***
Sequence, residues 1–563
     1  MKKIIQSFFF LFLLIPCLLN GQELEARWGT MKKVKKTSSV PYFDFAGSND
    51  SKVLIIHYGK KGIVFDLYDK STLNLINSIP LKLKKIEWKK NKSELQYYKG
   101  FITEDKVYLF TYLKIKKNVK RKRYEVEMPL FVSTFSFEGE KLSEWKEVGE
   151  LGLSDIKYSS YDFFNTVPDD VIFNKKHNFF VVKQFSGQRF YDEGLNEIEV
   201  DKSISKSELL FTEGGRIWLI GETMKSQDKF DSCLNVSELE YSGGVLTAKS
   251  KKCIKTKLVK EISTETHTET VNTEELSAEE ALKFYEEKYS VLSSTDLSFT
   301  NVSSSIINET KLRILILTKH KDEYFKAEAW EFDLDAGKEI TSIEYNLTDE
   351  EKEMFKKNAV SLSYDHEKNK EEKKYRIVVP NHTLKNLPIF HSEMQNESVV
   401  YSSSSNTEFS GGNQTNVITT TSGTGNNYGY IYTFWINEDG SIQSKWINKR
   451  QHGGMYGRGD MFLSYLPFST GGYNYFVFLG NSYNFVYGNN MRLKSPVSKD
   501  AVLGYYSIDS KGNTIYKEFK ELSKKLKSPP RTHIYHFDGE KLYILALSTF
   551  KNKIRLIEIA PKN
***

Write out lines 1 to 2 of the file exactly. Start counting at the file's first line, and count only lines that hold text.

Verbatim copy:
Sequence, residues 1–563
     1  MKKIIQSFFF LFLLIPCLLN GQELEARWGT MKKVKKTSSV PYFDFAGSND